Here’s how to lower your risk of health problems from sitting

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Updated Feb 24, 2017

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EDITOR’S NOTE: Being seated all day long is both a requirement of the job and one of the health concerns associated with driving a truck. This is a two-part series on the health issues associated with being seated for hours at a time and what you can do to deal with the problem. Read the first installment in the series.

Sitting all day may come with serious consequences, but there are steps truckers can take to prevent them. Getting a custom seat is just one option, and if you can’t afford one or can’t make modifications to your truck you can still use certain methods to lower your risks for sitting-related health concerns.

Sitting in the driver’s seat all day could be hurting your health, but there are preventative measures you can take.Sitting in the driver’s seat all day could be hurting your health, but there are preventative measures you can take.

Fighting back

The simplest advice for combatting the health risks of prolonged sitting at work: Stand up frequently. Specifically, that would be about 20 minutes seated, followed by eight minutes standing and two minutes moving, based on research from ergonomics professor Alan Hedge at Cornell University, cited recently in The New York Times.

Since long-haul drivers have limited opportunities for getting out of the seat, they have to get more creative.

One of the best habits is to make the most of every stop. If you don’t have time to exit the cab, get out of the seat and stretch. If you’re out of the cab, even if you’re just fueling, stretch and take a walk or get in a few push-ups or other exercises to work out your muscles and joints.

Strengthen your back

Even if you do little in the way of strenuous loading and unloading, the sedentary lifestyle is hard on the back, shoulders and neck. The North American Spine Society recommends exercises like these to decrease the likelihood of back injury: 

  • NECK STRETCHES: Nod your head, slowly bringing your chin toward your torso. Slowly move your head side to side, aligning your chin with your shoulders. Slowly move your head side to side, bringing your ears over your shoulders. Repeat these five times.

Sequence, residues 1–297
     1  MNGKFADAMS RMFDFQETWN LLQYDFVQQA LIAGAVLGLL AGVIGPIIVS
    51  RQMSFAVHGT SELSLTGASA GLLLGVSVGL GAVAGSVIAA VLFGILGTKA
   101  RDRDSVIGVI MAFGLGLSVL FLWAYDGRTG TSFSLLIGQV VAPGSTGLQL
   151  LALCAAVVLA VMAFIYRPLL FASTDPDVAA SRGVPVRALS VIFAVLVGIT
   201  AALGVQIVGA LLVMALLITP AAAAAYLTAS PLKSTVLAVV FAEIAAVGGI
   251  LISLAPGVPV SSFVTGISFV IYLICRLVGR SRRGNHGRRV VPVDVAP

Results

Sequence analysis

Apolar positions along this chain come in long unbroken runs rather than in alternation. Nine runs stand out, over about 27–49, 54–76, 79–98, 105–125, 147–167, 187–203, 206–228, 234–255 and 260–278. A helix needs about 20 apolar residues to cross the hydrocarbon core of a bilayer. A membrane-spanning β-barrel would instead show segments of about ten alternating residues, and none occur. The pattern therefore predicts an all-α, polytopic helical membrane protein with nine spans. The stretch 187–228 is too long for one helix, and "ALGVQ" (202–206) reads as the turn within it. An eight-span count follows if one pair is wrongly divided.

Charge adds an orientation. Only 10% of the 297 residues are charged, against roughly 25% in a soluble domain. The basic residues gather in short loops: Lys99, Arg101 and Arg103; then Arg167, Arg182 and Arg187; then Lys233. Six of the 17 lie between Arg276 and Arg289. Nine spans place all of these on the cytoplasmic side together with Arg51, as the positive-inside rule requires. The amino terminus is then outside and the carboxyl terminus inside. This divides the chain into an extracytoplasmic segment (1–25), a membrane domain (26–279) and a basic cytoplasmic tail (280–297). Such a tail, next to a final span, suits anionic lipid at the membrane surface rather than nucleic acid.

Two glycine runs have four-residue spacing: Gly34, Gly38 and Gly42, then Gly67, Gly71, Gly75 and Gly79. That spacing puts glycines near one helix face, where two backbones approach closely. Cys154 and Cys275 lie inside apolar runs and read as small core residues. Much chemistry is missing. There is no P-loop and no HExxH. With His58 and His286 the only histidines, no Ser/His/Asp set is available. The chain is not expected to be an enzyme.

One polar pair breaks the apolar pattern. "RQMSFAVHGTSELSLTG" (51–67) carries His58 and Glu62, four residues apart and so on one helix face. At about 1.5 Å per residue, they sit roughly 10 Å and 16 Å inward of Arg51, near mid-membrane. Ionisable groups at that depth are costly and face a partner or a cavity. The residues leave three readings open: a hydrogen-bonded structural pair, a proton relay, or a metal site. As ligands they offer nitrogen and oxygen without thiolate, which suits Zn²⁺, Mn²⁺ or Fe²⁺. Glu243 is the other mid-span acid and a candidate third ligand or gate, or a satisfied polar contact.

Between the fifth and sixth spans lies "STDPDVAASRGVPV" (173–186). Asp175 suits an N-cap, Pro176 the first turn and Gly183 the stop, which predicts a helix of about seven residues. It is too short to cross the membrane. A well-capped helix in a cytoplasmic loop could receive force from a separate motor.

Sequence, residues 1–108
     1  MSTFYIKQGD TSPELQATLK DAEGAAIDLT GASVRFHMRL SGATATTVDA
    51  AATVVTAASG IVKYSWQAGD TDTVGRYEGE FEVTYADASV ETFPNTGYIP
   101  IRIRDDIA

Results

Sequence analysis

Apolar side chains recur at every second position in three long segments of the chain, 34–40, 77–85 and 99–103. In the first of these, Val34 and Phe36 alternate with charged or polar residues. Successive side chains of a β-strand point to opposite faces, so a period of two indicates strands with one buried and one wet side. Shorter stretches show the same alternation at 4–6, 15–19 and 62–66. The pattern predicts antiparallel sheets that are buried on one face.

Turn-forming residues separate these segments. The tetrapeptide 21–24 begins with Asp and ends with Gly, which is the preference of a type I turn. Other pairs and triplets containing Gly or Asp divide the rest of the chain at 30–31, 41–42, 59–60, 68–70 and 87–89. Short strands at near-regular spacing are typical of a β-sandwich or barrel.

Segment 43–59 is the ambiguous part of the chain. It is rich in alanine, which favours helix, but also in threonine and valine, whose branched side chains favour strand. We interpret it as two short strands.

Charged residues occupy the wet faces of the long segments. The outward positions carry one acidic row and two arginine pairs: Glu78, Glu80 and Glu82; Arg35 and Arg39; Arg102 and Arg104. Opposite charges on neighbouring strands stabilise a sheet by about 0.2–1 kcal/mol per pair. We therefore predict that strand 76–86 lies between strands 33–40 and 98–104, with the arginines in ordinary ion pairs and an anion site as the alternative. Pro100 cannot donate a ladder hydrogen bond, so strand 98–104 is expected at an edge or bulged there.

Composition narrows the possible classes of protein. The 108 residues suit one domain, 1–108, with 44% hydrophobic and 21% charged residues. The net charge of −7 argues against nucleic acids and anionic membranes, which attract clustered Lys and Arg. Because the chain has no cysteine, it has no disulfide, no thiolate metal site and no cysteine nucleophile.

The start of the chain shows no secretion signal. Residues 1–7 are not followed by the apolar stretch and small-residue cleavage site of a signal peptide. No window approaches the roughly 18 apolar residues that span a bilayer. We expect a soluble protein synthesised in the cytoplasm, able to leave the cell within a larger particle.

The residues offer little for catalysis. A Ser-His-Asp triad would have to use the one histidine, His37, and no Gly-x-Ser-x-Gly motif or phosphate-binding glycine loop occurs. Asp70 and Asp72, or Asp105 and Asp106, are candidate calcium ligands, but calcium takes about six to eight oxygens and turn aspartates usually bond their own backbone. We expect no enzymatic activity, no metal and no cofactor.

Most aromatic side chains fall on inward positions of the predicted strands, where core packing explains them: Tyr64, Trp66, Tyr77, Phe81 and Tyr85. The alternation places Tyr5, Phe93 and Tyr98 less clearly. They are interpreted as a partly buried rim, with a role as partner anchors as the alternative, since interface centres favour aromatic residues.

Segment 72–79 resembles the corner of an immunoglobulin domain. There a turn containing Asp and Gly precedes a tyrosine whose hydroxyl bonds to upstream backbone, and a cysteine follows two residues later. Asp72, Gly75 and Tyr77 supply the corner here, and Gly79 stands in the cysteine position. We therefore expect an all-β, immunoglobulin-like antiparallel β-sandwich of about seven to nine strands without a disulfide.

• FRONTAL CORE STRETCH: Standing, with your abdominal muscles tightened, reach overhead with your arm, shifting your hips as you move. Repeat 10 times. Alternate sides.
  • BACKWARD BENDING: Standing, place your hands above your buttocks. Bend your head and shoulders backward, moving your hips forward to maintain balance. Return to original position. Repeat 10 times.
  • PRESS UP: Lie on your stomach and push up, straightening your elbows as much as you can so that your back arches, your hips and legs remaining on the ground. Support yourself with your arms, not your back. Hold the position before lowering back. Repeat 10 times.
  • SHOULDER ROLLS: Straighten your spine and neck. Lift your right shoulder, roll it down and forward. Repeat the same sequence for your left shoulder. Repeat three times for each shoulder, and then rolling three times in the opposite direction. Then shrug your shoulders toward your ears and back down five times. 

Improve your body’s overall strength

Adults need at least 150 minutes per week of moderate-intensity aerobic activity, including some overall muscle-strengthening activities a few days a week, says the Centers for Disease Control. While many exercises fall under that broad umbrella, these are particularly good for relieving and preventing back pain, says the North American Spine Society. They require no equipment.

  • SIDE BRIDGE: Begin on your side with knees at a 90-degree angle, and prop yourself up on your elbow. Lift your hips up, and keep your head, shoulders and hips straight. Hold the lifted position for 10 seconds before lowering. Repeat one to five times on each side.
  • NECK PRESSES: In each of these, hold the press for 10 seconds, and repeat six times. Press your palm against your forehead, and use your neck to press back. Do the same with the other palm. Press your palm against your temple, and use your neck to press back. Do the same with the other side. Cup your hands behind your head. Use your neck to push back into your cupped hands. 
  • PLANK: Get on your knees and elbows, keeping your shoulders, hips and knees in a straight line. Maintain the lifted position for 10 seconds, and then relax. Repeat five times.
  • ABDOMINAL CRUNCH: Get on your back with your knees bent. Lift your chest up toward your knees, exhaling. Repeat 10-15 times or until fatigued.
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Other preventative steps you can take

  • STAY HYDRATED: Hydration might not seem related to sedentary lifestyle issues, but it is.

“By staying hydrated, we’re actually keeping our discs healthier,” says Michael Gleiber, an orthopedic spine surgeon with the American Academy of Orthopedic Surgeons. “They don’t have their own blood supply.” In addition to a steady intake of water, he recommends drivers avoid too much caffeine, as it dehydrates.

Hours of running a heater or air conditioner in a truck cab can lower the humidity too much. That can be countered with a portable humidifier. Some can be powered from a dashboard outlet.

  • ARRANGE YOUR WORK SPACE: To limit rotating your neck, try to keep objects you might need within easy reach.
  • IMPROVE LEG CIRCULATION: To mitigate the risk of forming blood clots or deep vein thrombosis, Gleiber recommends drivers regularly tap their feet, such as to music. This pumps blood through the legs and can help prevent a clot.
  • WATCH YOUR POSTURE: Avoid leaning into the wheel while driving. Don’t keep a wallet or anything lumpy in a back pocket, because it can throw the spine out of alignment.